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By Richard Gorelick and The Baltimore Sun | October 5, 2011
Michael Pollan's appearance at the Baltimore Speaker Series isn't until January, but there is something I urgently need to tell you about him. The author of the "Omnivore's Dilemma" and "In Defense of Food: An Eater's Manifesto" is coming to the Joseph Meyerhoff Symphony Hall on Jan. 12, 2012 as part of the Baltimore Speaker Series . UPDATE: You don't have to wait untl January to see Michael Pollan. The New York Times contributing writer will open the Strathmore's 2011-21 Speaker Series on Wendesday, Oct. 26 at 8 p.m., in the Music Center.
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ENTERTAINMENT
By Tim Smith, The Baltimore Sun | May 30, 2014
The Baltimore Symphony Orchestra could have included just a little sample of Shakespeare's "A Midsummer Night's Dream" to go with its latest program, which includes the overture and incidental music Mendelssohn wrote under the spell of that play. But this is an all-out production, and a beguiling one at that. Created in association with Washington's superb Folger Theatre, the semi-staged presentation, cleverly adapted and directed by Edward Berkeley, provides a generous helping of "Midsummer.
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FEATURES
By Mary Carole McCauley and Mary Carole McCauley,SUN ARTS WRITER | February 3, 2005
The sparkling $100 million Music Center at Strathmore, which officially opens today, isn't just a building in which to hear music. It's a leap of faith into the future. A lot of people have a great deal at stake in Strathmore. For the Baltimore Symphony Orchestra, facing a debt expected to reach $12 million by 2008, the hall means access to a new group of ticket buyers and donors. For Montgomery County Executive Douglas M. Duncan, it's a feather in his cap at a time when he's frequently mentioned as a possible candidate for governor.
ENTERTAINMENT
By Tim Smith, The Baltimore Sun | February 13, 2014
The scary snow forecast was not enough to deter a decent-sized crowd from trekking to Strathmore Wednesday night for a concert by the St. Petersburg Philharmonic Orchestra led by its longtime music director Yuri Temirkanov. I, for one, would have risked even more threatening weather for the opportunity to experience this level of artistry. Many of us will never forget the magic Temirkanov so frequently ignited during his all-too-brief tenure at the helm of the Baltimore Symphony Orchestra, so any chance to reconnect with the conductor's soulful style is a big deal (several BSO players and the orchestra's president were in the Strathmore audience Wednesday)
ENTERTAINMENT
By Tim Smith, The Baltimore Sun | February 13, 2014
The scary snow forecast was not enough to deter a decent-sized crowd from trekking to Strathmore Wednesday night for a concert by the St. Petersburg Philharmonic Orchestra led by its longtime music director Yuri Temirkanov. I, for one, would have risked even more threatening weather for the opportunity to experience this level of artistry. Many of us will never forget the magic Temirkanov so frequently ignited during his all-too-brief tenure at the helm of the Baltimore Symphony Orchestra, so any chance to reconnect with the conductor's soulful style is a big deal (several BSO players and the orchestra's president were in the Strathmore audience Wednesday)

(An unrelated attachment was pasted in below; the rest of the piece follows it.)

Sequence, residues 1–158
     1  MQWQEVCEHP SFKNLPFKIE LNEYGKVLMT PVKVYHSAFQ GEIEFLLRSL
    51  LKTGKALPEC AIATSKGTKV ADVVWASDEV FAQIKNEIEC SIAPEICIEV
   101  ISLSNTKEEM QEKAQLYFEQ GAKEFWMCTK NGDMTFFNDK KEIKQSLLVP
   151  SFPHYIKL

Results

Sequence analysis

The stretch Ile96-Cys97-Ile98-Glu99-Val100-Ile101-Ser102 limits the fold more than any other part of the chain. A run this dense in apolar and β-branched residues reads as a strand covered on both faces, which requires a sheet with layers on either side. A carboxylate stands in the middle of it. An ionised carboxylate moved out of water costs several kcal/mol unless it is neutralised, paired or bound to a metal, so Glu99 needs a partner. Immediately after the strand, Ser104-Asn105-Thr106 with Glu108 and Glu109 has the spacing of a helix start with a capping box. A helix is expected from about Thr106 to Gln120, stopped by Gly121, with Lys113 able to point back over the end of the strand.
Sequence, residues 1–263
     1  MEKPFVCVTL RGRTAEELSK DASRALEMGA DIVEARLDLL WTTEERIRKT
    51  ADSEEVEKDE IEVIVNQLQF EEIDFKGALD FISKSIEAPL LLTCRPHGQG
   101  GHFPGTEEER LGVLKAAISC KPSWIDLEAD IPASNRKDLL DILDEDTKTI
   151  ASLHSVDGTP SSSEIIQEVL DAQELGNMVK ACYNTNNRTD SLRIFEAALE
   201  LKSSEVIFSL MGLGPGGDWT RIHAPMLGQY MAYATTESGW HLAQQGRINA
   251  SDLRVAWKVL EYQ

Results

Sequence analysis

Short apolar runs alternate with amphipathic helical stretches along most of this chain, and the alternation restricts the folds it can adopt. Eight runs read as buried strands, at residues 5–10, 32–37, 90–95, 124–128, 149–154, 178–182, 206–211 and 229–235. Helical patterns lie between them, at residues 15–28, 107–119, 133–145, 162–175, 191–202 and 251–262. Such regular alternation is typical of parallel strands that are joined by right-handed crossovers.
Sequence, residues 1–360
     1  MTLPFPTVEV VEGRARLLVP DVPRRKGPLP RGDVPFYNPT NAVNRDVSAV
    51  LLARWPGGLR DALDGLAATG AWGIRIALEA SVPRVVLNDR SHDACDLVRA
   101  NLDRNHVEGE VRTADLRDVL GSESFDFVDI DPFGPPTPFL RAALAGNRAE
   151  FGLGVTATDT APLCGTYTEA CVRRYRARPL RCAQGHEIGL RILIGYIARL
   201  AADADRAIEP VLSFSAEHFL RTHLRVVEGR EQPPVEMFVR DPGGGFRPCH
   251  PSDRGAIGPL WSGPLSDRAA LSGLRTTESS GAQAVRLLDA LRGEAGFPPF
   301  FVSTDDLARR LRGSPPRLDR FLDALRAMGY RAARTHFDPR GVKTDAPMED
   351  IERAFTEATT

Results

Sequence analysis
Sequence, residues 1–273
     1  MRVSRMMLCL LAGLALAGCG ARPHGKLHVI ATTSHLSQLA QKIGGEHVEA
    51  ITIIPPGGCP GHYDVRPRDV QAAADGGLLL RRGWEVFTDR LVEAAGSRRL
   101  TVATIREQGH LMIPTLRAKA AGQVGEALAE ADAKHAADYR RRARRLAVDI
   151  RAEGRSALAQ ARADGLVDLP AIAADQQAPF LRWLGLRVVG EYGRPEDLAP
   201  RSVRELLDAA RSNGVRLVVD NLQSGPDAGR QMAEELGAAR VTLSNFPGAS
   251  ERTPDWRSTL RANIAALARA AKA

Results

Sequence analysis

NEWS
By Rashod Ollison | September 9, 2005
Dora the Explorer, Arnold and the Powerpuff Girls will all be present at Family Toon Day, Oct. 2, from 11 a.m. to 4 p.m. at the Music Center at Strathmore (5301 Tuckerman Lane, North Bethesda). Events and activities include a parade featuring Cartoon Network and Nickelodeon characters, music, dance, and arts and crafts, as well as carnival rides and food. Admission is free; advance tickets (limit 10 per person) are required. Go online to strathmore.org, or get them in person at the Strathmore ticket office or various Comcast locations.
FEATURES
By TIM SMITH and TIM SMITH,SUN MUSIC CRITIC | February 7, 2006
A year ago, the Baltimore-Washington cultural scene received a boost from the opening of the Music Center at Strathmore. For the Baltimore Symphony Orchestra, which had a pivotal role in getting the venue off the ground, the new center has provided a second home. The orchestra plays to an average capacity of 88 percent there; it's closer to 60 percent at Meyerhoff Symphony Hall in Baltimore. "It has been a wonderful success, better in most ways than we could have hoped for," says Michael Mael, BSO vice president for Strathmore.
FEATURES
By Tim Smith and Tim Smith,SUN MUSIC CRITIC | March 23, 2004
The $100 million Music Center at Strathmore will heat up the region's cultural calendar with a starry lineup for its inaugural season, ranging from the Baltimore Symphony Orchestra to quintessential Broadway diva Barbara Cook and fresh jazz musicians Dee Dee Bridgewater and Peter Cincotti. Opening Feb. 5, with the BSO, conductor Yuri Temirkanov, cellist Yo-Yo Ma and the premiere of a piece by exceptional young composer Michael Hersch, the center in North Bethesda will kick into high gear quickly.
FEATURES
By TIM SMITH and TIM SMITH,SUN MUSIC CRITIC | November 9, 2005
The Baltimore Symphony Orchestra, fresh from playing to large, enthusiastic audiences during a European tour, is back to reality and fiscal priorities in Maryland, where low ticket sales and high costs have led to the cancellation of events at two venues. Most of the cancellations are at the orchestra's second home, the Music Center at Strathmore in Montgomery County, starting with a series of family concerts scheduled for launch Saturday. A sluggish box office and/or high production costs are blamed.
FEATURES
By Tim Smith and Tim Smith,SUN MUSIC CRITIC | October 21, 2003
That's show biz. The final steel beam for the roof of the Music Center at Strathmore did not ascend right on cue, despite the pre-arranged cheers and thumbs-up signal from dozens of well-wishers at yesterday's "topping out" ceremony for the $90 million, 2,000-seat concert hall and educational complex that will become the Baltimore Symphony Orchestra's second home. And one of the BSO trumpeters scheduled to perform in the brass quintet for the occasion didn't make it. This might be the only time things haven't gone smoothly for this remarkable cultural project, which is on schedule for an opening by February 2005, if not a month or two earlier.
ENTERTAINMENT